What’s the deal with smiling? That might seem like a joke of a question. You probably didn’t laugh. But shouldn’t you have at least smiled? Will you be more successful if you smile more often? Now we’re getting deep. You might be surprised to find out there’s conflicting information on this subject.
On one hand, science says smiling is healthy for you, even when you’re faking it. Researchers separated people into three groups and had them work on stressful tasks. The first group put chopsticks in their mouths to simulate a smile. The second group forced a smile, while the third group kept a straight face. Turns out the two groups with fake smiles experienced less stress. Their heart rates were lower, which aligns with research that shows smiling—particularly the genuine kind—is good for heart health.
So, you’re young, and you’re looking for that great job that can become an incredible career, but the interviewing process is stressful. With the above evidence in hand, it’s easy to assume you should smile more during your interviews. Doing so will help alleviate stress, which in turn will help you perform better. Further, since your life on the job can be stressful, you should smile more often while you’re at work.
“People who smile appear to be more likeable, courteous, and even competent. This is reason enough to smile at every person you potentially want to do business with,” says Vivian Giang, citing research from Penn State. She goes on to discuss how smiling can train your brain to be happy: “The more we train, the easier it becomes to think positively, shut out negativity, and, in turn, boost your productivity and creativity, which allows you to perform better at work and life.”
If smiling more helps you deal with stress, and helps you become happier and more productive, maybe a good grin is just the thing you need to land that great job. But this isn’t an open-and-shut mouth—I mean, case. Assuming you should smile more during interviews is like assuming it takes a gimmick to get a job, when what it really takes is professionalism.
Several studies found that less can be more when it comes to smiling during interviews. In other words, be natural. If you’re applying for a position where the work is serious, such as reporter, police officer, or social worker, treat the interview with the type of seriousness it deserves. Prepare yourself with important questions to ask at a job interview. For example, find out about company culture and ask what the interviewer really likes about working for the company. Naturally, you’re going to smile if the interviewer says something humorous. But wouldn’t it be awkward if you forced yourself to smile although the person across the desk isn’t saying anything worth smiling about? If you’re going to force a smile, it’s best to do so at the beginning and end of an interview, meaning you’re happy to meet the person and you’re happy the interview went well.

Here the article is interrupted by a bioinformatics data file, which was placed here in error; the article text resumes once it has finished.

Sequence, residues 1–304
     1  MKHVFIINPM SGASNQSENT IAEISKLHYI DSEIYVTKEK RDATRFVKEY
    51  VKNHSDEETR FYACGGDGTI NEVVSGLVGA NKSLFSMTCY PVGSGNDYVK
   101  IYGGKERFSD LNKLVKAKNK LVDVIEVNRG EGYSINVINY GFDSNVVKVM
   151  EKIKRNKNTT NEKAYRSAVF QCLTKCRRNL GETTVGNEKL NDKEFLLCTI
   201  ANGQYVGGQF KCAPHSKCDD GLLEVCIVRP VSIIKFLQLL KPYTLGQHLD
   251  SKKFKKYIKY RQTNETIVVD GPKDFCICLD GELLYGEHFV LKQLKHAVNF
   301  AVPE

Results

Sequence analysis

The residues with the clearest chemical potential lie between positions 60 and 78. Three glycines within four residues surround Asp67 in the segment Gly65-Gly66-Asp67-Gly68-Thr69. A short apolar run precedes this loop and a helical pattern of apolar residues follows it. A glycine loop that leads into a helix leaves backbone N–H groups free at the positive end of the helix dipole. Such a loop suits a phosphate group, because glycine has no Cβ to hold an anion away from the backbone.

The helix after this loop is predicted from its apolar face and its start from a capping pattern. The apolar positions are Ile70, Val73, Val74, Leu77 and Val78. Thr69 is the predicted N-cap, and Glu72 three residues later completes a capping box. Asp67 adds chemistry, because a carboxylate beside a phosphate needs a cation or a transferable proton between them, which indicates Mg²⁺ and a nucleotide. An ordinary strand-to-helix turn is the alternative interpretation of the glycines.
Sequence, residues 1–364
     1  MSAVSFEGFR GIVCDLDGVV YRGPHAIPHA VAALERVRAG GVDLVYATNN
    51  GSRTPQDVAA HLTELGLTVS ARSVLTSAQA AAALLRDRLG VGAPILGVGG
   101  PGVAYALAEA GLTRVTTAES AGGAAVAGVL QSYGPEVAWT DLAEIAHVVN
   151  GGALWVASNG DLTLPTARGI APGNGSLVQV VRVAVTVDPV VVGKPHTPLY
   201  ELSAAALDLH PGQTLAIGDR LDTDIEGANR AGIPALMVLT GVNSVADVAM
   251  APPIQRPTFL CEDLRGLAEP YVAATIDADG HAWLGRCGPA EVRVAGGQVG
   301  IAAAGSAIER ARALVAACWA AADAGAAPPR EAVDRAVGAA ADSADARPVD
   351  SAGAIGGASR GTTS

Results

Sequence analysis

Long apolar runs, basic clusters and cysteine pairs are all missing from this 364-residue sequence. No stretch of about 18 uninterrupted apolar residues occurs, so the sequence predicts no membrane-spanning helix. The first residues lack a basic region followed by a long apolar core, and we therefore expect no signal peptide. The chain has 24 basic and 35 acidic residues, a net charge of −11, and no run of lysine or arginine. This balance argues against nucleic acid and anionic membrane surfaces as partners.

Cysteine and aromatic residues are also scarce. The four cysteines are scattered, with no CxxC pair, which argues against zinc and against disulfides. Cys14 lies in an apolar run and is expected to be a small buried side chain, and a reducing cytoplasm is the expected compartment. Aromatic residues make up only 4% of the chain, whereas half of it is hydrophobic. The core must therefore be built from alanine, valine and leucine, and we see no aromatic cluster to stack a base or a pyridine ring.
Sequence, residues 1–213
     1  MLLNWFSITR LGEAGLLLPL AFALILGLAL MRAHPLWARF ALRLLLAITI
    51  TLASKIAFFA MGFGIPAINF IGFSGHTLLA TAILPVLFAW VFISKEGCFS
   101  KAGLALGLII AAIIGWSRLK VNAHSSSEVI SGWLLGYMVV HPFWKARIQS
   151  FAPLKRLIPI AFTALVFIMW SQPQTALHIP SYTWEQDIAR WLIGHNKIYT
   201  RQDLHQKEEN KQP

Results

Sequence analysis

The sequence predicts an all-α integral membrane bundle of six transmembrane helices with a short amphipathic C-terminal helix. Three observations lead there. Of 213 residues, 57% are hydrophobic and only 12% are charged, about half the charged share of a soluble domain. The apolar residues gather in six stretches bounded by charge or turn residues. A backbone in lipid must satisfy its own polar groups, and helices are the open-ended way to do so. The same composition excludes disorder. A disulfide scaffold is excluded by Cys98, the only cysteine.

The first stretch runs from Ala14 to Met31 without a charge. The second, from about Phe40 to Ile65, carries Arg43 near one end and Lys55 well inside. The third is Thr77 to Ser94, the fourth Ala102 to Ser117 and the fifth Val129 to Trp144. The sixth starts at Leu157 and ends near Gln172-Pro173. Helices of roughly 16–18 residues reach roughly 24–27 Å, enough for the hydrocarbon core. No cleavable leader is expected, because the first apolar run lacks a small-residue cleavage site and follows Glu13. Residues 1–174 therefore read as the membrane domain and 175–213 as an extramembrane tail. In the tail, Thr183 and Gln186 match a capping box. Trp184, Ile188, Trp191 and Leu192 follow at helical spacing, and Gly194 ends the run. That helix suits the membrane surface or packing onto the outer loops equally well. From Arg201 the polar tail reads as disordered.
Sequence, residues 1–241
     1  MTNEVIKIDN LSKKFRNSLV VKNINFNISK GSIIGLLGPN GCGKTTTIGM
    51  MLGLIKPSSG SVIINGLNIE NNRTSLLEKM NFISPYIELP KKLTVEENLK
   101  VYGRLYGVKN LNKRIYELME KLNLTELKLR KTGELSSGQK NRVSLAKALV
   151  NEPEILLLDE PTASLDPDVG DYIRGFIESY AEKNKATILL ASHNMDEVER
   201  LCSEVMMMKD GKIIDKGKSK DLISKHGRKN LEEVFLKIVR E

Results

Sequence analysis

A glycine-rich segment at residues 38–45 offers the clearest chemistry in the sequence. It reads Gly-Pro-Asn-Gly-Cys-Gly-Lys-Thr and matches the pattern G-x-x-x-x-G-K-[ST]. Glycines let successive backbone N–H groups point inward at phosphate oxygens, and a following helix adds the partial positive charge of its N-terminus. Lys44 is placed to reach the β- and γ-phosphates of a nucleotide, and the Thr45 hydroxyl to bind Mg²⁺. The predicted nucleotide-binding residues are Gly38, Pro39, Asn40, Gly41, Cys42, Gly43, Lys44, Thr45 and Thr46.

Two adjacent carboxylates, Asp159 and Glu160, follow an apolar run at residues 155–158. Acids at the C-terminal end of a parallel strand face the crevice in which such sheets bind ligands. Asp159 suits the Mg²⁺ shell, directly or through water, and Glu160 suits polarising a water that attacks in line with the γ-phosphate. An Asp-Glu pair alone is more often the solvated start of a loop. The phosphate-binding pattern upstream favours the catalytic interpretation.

How much you smile also makes a difference once you’re on the job. People who smile too much and are too cheerful in the workplace are at a disadvantage. Researchers found that, “People who appear really happy also appear to be more naïve than people who seem just a little bit happy.” Co-workers are more likely to try and manipulate you and take advantage of you if you seem happy all the time. The European Journal of Work and Organizational Psychology even found that agreeable and nice people have lower salaries than those who are assertive. No one says that’s fair, but it seems to be the way the world of work is.
Ironically, smiling more may be better for your heart and your health, but it’s not necessarily better for your career. This definitely says something about the hazards of our career-oriented society.
When it comes down to it, be natural when you’re interviewing and when you’re working. When you’re on your own time, remember that it helps your health to smile. If you’re just naturally more cheerful than most, so be it—in the long run, it won’t hurt.